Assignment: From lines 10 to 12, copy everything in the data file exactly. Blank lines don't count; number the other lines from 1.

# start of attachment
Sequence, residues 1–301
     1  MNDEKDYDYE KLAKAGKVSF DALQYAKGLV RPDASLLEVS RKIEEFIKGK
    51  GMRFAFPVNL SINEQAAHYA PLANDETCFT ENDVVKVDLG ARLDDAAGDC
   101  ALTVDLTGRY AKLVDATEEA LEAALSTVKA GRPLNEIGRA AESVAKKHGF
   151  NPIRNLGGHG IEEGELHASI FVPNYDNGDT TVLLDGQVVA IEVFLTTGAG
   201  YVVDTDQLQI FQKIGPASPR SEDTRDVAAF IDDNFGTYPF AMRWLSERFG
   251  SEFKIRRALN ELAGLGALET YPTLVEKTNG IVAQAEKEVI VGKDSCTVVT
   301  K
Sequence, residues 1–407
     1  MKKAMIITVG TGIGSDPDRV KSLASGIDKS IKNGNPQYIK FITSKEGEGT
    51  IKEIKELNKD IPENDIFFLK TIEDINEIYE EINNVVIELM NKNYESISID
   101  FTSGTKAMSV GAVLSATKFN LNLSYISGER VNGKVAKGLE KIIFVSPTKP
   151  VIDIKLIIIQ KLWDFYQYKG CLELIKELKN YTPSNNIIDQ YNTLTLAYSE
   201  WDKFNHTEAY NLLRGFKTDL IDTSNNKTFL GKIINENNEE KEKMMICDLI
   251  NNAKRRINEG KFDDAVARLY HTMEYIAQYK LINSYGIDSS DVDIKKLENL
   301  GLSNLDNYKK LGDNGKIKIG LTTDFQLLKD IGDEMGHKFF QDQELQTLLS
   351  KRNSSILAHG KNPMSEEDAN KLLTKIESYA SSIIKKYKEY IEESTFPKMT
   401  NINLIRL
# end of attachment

     1  MKKAMIITVG TGIGSDPDRV KSLASGIDKS IKNGNPQYIK FITSKEGEGT
    51  IKEIKELNKD IPENDIFFLK TIEDINEIYE EINNVVIELM NKNYESISID
   101  FTSGTKAMSV GAVLSATKFN LNLSYISGER VNGKVAKGLE KIIFVSPTKP